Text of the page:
Martha Robinson’s hope is 100,000 postcards by Labor Day, each with a hand-written message to a voter in a battleground state urging them to re-elect President Barack Obama.
At Leisure World, the Silver Spring retirement community where she lives, Robinson said it’s not an outlandish goal. The development of 8,500 residents is known as a political hot spot, especially in an election season.
Last Friday, about 100 people filed in to a clubhouse conference room to learn what to write and how to prepare the postcards for Robinson’s Obama Postcard Project.
“I’ve never had a problem saying what I think,” said volunteer Betsy Starks, 69. “All these people are involved and what they say comes from the heart.”
The cards will be sent to the Obama campaign field office in Kensington and then on to senior registered Democrats in Virginia, Pennsylvania, Florida and other states. Because of the senior connection, Robinson expects many of the cards to focus on senior issues, such as social security and medicare.
A 2011 Pew Research Center study identified Americans age 65 to 83 as the most politically energized generation, demonstrated by the 2010 midterms. The same study showed people in the so-called “Silent” generation were increasingly conservative in their views.
At Leisure World, where U.S. Rep. Christopher Van Hollen (D-Dist. 8) of Kensington has been a frequent guest and Vice President Joe Biden visited in 2009 to talk about the administration’s health care reform plans, that’s not the case. Most residents are backing Obama, Robinson said.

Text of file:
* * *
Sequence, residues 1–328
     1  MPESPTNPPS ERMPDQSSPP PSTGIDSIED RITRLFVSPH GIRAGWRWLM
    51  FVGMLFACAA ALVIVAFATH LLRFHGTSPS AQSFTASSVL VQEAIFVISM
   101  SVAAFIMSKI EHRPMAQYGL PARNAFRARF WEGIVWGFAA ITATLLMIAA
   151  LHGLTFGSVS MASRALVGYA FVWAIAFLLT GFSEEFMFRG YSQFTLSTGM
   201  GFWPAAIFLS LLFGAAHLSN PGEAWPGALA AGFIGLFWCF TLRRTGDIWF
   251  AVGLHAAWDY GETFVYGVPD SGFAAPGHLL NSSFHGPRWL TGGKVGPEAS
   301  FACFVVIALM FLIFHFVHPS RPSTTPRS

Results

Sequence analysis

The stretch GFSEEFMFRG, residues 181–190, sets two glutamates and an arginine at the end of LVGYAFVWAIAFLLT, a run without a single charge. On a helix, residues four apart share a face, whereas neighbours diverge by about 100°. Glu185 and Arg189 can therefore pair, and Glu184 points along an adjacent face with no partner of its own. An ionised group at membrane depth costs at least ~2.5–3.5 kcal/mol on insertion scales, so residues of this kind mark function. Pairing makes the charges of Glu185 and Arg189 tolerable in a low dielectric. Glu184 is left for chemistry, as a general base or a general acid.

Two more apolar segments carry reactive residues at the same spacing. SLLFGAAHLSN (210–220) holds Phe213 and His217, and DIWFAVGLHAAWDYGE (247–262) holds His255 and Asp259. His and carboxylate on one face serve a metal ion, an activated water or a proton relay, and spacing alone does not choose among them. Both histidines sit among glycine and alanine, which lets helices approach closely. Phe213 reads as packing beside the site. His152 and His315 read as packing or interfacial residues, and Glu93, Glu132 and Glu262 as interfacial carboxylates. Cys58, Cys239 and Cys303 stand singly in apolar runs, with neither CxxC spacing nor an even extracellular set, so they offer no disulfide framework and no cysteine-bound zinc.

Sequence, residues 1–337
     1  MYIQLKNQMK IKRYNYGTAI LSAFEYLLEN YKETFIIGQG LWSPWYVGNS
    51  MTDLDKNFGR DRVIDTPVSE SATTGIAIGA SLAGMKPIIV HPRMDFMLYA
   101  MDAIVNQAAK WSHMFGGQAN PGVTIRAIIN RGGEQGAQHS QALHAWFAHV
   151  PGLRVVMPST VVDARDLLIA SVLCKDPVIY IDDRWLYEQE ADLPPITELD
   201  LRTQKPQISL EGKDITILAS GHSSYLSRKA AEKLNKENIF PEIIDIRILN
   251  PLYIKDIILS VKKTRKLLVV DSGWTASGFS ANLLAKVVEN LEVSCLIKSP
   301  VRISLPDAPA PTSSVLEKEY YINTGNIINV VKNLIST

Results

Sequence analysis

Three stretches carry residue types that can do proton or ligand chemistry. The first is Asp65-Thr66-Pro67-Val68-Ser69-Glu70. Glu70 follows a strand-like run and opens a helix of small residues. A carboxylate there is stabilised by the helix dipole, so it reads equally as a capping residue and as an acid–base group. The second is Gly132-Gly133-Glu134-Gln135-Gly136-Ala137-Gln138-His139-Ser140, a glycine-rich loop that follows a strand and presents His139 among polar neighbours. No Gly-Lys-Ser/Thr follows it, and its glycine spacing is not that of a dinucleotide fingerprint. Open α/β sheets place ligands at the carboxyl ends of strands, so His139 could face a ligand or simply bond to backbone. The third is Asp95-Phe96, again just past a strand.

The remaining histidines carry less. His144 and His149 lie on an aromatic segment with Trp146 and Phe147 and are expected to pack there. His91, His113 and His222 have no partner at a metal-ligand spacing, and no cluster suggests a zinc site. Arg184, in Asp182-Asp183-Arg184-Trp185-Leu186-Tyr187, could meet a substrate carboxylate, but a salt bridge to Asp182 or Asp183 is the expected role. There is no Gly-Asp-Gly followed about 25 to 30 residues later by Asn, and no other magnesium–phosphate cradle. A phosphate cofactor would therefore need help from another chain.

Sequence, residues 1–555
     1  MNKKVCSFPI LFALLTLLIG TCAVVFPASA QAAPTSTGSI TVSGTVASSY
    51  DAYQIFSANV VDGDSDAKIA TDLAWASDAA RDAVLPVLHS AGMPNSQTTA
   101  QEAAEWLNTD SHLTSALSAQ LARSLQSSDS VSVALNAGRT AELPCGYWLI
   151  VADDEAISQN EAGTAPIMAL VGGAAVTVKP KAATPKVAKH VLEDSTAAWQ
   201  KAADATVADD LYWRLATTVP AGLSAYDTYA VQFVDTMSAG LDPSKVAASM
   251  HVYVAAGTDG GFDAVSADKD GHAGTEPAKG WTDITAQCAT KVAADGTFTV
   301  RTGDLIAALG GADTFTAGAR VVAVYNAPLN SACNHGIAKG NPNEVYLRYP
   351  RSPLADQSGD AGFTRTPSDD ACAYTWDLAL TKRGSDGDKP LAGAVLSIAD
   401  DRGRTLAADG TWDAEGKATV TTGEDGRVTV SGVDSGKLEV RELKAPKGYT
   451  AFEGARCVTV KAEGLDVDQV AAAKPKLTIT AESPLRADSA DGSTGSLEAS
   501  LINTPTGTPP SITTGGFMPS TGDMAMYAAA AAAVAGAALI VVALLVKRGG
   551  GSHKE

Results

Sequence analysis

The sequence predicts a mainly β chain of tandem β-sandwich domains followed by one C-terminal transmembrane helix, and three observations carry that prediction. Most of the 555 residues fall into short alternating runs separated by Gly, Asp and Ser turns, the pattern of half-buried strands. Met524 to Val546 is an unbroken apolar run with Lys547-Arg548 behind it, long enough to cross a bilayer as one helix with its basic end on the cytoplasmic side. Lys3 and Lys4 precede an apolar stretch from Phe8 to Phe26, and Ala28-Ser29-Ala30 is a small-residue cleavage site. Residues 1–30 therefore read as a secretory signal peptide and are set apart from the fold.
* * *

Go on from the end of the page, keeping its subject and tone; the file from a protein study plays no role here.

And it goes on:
Only two male volunteers came Friday, and some women in attendance said they felt more comfortable with Obama on women’s issues than likely Republican challenger Mitt Romney. The Democratic Club of Leisure World helped her fund the design and printing of the postcards.
Robinson pushed for volunteers to expand their message.
“I don’t think we’re any different than most people,” Robinson said. “Seniors aren’t limited to senior issues. I have two grandchildren through college without jobs. I care about college affordability. I think our own family experiences make us fairly typical.”
The campaign netted 30,000 postcards before the 2008 election. This year, Robinson has the help of other senior groups from the Riderwood Community in Silver Spring, the Promenade at Pooks Hill in Bethesda and groups in Chevy Chase and Potomac. Starks plans to take postcards to Colorado and Arizona, where she spends the summer, to expand the program.
State Sen. Joanne Benson (D-Dist. 24, Prince George’s County) gave a pep talk to the new participants. Rosie Engman, a volunteer with the Obama Kensington office, said the postcard concept works because it is personal and convenient.
“It’s not phoning people where sometimes you feel you are interrupting. It’s something people can do on their own time,” Engman said. “It excites people.”
The group will hold writing sessions each Friday at Leisure World. Last Friday, volunteers wrote messages such as, “Change takes more than one term,” and “Help restore America’s middle class.” One resident suggested the messages should be kept brief, to hold people’s attention.
“Something happened at my house. I got a phone call and I said, ‘Yes,’” announced Leisure World resident Shirley Bieri, who handed Robinson 30 stamped postcards before the event. “If I can do five postcards in 10 minutes, everyone can do a postcard. At the end of the day, writing checks just didn’t feel as good.”